Low Quiescent Current with Asynchronous Buck Converters at High Temperatures?

December 03, 2015 // By Frank Dehmelt, Texas Instruments
Many modern Buck-Converters are advertised with very low quiescent currents (Iq) in the order of 20 to 40uA. In reality, the “no-load-input-current” is significantly higher. At elevated temperatures, the input current may even change by orders of magnitude.

This article discusses the contributors to no-load-input current in addition to the Iq of the converter itself, and the associated temperature dependency. Furthermore, we analyze when this effect is of concern and what to do about it.

Contributors to “no-load-input-current”:

The quiescent current (Iq) of a converter is one contributor only, and also its definition and test conditions indicate that in reality, the converter will show a higher current consumption at no load. Quiescent current of a converter refers to the supply current drawn at no load, non-switching by biasing the feedback pin at reference-voltage or slightly above and potentially at room-temperature only. Consequently, non-switching indicates that no switching losses are accounted for, even though a converter will switch once in a while at no load. There will be some leakage and also a recharge of the boot-capacitors or a charge-pump is likely required, adding to the losses. A drift of the quiescent current over temperature may or may not be specified separately.

Luckily, the temperature drift of most converters is expected in the order of approximately 10% increase at higher temperatures. For test-purposes to specify the Iq of a converter, the feedback is biased to the reference voltage. Thus, the feedback-divider to sense the output voltage is eliminated. Consequently, the current flowing through it (mostly in the order of 10uA..50uA) as well as switching of the FETs is prevented and its associated losses saved. In reality, those effects do contribute to the “no-load-input-current”. The graphic illustrates the contributors that, in addition to the quiescent current, will draw current from the supply.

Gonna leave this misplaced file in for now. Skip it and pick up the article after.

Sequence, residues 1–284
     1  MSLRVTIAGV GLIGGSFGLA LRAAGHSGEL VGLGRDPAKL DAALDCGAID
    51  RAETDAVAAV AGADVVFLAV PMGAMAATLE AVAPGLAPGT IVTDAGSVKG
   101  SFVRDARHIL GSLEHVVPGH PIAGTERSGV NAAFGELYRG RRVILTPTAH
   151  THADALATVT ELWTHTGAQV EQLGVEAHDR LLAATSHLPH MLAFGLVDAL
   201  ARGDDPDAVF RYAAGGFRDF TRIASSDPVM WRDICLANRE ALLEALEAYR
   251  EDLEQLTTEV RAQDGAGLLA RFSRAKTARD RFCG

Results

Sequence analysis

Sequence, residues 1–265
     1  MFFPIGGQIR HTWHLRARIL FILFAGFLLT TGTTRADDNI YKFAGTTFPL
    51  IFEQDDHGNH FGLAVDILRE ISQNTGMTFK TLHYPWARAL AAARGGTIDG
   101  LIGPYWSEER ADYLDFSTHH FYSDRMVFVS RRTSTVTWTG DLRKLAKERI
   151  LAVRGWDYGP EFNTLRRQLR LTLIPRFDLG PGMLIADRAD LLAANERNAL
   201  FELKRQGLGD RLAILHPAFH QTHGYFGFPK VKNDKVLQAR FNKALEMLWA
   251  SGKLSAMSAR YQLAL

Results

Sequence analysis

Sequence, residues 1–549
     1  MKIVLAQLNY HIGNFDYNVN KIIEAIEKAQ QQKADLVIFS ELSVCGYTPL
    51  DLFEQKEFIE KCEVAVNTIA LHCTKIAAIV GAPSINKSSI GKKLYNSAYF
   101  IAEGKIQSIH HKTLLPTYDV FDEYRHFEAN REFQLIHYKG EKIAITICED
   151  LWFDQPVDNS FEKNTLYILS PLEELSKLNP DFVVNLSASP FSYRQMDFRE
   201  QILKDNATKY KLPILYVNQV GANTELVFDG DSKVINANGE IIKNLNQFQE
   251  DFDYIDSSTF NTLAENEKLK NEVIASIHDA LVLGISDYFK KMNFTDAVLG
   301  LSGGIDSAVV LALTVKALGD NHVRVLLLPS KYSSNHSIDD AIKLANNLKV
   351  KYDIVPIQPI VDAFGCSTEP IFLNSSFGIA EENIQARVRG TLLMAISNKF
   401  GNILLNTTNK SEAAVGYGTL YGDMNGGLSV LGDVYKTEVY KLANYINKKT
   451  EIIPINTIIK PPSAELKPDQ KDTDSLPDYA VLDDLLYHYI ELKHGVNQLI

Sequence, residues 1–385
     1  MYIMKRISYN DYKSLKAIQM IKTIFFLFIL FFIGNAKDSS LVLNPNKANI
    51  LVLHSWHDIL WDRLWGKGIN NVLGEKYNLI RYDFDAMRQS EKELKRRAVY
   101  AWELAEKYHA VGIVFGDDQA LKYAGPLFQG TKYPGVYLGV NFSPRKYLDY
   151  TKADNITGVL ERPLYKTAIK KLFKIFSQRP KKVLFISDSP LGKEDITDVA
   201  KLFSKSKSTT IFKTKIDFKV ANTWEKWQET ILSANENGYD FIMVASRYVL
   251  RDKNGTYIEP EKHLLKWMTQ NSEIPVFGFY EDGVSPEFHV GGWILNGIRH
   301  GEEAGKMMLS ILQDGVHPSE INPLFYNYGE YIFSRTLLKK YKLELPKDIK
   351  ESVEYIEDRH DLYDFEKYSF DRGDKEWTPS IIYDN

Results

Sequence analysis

Figure 1: Asynchronous buck-converter and associated currents

A step-down converter with a specified quiescent current of 30 uA will – at room-temperature – most likely draw in excess of 50 uA of no load-current, accounting for feedback-divider-current and switching losses.
However, this does not explain the orders of magnitude of increase with higher temperature. This is related

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